Towns / Cities Visited: 176
Countries Visited: 30
Steps Taken Today: 15,642
Steps Taken Around the World: 4,310,487
Our final day in Edinburgh saw us awake to a bitterly cold morning. The kind of cold which calls huddled masses to the side of radiators and begs you to slip on your thermals before you dare do anything else. Tea and toast warming our insides and donned in every shred of winter clothing we carried, to the point that nought but our faces were left uncovered, we stepped out for another day of adventure.
By the time we had made the walk into the city centre from Leith, we had warmed sufficiently, and turning onto the Royal Mile, we made our way towards the unmissable gothic beauty that is St. Giles Cathedral capped with its crown steeple. Sure, it doesn’t have the height and pure pointiness of The Hub, but it has more delicate tracery and artistic stonework than you can poke a stick at. This church, which sits pride of place along the famed thoroughfare between Edinburgh Castle and Holyrood House, has been in residence here since the 14th century, although a church on this site was likely first founded in the 12th century. As with most it grew over time, being expanded up until the 16th century, and later, in the 19th and 20th, it underwent some alterations. Despite its multi-era renovations, it still holds onto its medieval good looks, and a good thing too. Its longevity has seen it go from being a Catholic to a Protestant place of worship, and like many large community spaces, has served multiple uses, at one point being partitioned off so that part could be used as a prison, and yet another part used as a meeting place for the Parliament of Scotland. These days though, it sits as a simple parish church and tourist attraction.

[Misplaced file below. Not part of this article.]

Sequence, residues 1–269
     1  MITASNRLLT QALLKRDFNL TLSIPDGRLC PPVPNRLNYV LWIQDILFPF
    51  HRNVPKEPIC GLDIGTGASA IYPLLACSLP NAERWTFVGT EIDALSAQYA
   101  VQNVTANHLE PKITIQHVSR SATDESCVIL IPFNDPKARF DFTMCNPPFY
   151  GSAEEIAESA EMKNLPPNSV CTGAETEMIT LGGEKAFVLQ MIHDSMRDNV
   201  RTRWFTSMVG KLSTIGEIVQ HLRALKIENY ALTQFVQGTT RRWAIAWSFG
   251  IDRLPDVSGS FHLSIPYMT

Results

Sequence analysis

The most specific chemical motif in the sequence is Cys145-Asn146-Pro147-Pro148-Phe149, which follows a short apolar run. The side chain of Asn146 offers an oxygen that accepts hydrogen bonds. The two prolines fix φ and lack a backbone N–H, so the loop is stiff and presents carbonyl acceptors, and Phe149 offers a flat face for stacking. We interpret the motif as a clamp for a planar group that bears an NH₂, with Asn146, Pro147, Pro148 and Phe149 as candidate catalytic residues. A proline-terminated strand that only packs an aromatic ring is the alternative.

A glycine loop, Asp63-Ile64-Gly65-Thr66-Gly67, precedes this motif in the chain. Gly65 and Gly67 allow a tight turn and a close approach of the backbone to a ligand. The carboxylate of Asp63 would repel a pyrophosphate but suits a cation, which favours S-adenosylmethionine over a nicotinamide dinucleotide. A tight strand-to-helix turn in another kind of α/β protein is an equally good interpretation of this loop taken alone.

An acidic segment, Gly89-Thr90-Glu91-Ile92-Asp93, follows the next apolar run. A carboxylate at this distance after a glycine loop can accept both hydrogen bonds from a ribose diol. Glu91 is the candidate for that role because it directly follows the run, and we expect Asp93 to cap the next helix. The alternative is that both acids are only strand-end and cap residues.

Now, St. Giles may have been the patron saint of lepers, but sightseers in these parts certainly don’t shy away from this place, and thus, along with the throng of others, we funnelled in through the doors to explore its anything but leprous interior. As with so many churches across Europe, this one is heavily steeped in…